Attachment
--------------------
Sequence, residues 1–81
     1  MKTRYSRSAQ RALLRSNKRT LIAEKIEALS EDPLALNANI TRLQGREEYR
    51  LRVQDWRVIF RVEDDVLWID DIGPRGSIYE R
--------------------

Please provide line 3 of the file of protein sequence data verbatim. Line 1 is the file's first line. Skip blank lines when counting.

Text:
    51  LRVQDWRVIF RVEDDVLWID DIGPRGSIYE R